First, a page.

Jefferson, 2014). Rotavirus is the leading cause

Jefferson, Rivetti, Harnden, Di
Pietrantonj & Demicheli (2008) conducted a research to determine the
efficiency of the influenza vaccine in the prevention of influenza in healthy
children. In 2007, the CDC modified the age requirements of the influenza
vaccine from 6months-23 months to 6months-59months. It was highlighted that the
health consequences of hemophilus influenza were overlooked in young children.

In children under the age of 5 years, the virus can cause severe complications
such as otitis media, pneumonia, bronchitis, and tonsillitis. In children that
have been immunized, they experience less hospitalizations, low prevalence of
influenza infections, and a low mortality rate as compared to the unvaccinated
children who are of the same age.

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            In
Portland, Oregon, the prevalence of pertussis among the vaccinated children was
lower than in unvaccinated children. 753 pertussis cases were reported between
2010 and 2012 and out of these cases, 54% were from unvaccinated children while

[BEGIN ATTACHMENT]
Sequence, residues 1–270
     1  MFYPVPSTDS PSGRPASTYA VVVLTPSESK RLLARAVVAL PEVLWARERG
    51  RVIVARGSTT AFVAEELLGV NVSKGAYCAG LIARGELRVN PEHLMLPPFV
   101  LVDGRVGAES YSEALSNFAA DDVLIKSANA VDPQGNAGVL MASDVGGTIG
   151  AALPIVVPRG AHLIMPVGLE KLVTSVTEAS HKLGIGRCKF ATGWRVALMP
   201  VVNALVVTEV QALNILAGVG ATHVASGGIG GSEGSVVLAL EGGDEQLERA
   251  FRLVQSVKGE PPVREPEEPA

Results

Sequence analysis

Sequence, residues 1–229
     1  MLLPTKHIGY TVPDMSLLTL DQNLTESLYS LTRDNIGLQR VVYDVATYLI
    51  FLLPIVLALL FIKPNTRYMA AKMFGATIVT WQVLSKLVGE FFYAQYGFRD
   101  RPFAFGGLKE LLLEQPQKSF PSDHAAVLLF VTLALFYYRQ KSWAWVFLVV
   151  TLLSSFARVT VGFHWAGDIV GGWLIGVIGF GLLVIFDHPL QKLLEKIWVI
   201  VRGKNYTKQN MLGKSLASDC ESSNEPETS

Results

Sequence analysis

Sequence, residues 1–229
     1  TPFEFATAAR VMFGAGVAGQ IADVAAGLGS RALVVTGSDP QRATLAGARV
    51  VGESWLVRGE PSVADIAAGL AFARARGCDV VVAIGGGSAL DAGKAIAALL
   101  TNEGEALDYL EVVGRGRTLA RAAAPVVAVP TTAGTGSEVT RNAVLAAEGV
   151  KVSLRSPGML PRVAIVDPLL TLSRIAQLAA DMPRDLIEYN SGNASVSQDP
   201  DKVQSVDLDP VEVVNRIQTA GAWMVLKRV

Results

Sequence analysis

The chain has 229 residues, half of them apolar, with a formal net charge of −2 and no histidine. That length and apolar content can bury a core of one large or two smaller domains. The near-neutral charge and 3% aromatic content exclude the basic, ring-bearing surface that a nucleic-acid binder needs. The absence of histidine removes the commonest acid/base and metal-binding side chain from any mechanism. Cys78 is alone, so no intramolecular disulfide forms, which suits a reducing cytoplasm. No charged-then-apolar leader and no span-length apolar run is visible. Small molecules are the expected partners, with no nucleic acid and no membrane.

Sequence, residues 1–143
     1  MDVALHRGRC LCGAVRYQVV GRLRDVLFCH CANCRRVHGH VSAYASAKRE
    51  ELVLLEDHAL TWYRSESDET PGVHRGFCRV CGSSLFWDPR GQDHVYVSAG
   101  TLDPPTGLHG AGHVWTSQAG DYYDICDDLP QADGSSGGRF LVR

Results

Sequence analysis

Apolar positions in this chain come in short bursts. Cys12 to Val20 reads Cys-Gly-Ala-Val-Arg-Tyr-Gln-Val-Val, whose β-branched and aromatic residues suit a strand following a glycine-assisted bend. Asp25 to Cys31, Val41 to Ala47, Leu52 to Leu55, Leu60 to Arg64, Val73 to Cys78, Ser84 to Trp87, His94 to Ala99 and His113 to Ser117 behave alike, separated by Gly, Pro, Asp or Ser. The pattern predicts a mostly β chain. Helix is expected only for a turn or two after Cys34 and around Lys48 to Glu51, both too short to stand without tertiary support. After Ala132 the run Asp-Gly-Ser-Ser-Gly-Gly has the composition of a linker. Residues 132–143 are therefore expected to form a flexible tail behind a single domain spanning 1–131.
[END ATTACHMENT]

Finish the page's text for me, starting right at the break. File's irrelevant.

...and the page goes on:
27% were under vaccinated children. Children who were up-to-date with their
pertussis vaccination had minimal incidences of hospitalization and they did
not experience severe illness as compared to the unvaccinated and the under vaccinated.

However, the health outcomes of the under vaccinated children was better than
that of the unvaccinated but poorer than that of the up-to-date vaccinated
children. Moreover, up-to-date vaccinated children were five times less likely
to get the disease and two and a half times less likely to develop severe
illness. The DPT vaccine shows that it has a very high magnitude of protection
against pertussis especially among infants (Barlow, Reynolds, Cieslak &
Sullivan, 2014).

            Rotavirus
is the leading cause of diarrhea and acute gastroenteritis in children under
the age of 5 years. Diarrhea is one of the leading causes of death among
children of this age bracket. In 2006, the United States of America introduced
the rotavirus vaccine and this had a significant role in the dramatic decrease
in the incidences of diarrhea and acute gastroenteritis among children. In the
pre-immunization phase, there were approximately 750,000 episodes of diarrhea
among children and 14,300 hospitalization cases due to severe gastroenteritis.

However, with the introduction of the rotavirus vaccine, there has been a 77%
decline in the cases of diarrhea and acute gastroenteritis and this shows that
children who became vaccine with the rotavirus vaccine are now protected
against gastroenteritis caused by the rotavirus. Diarrhea causes dehydration
which can be fatal, thus, immunizing the children has led to better health
outcomes (Atchison et al., 2015).

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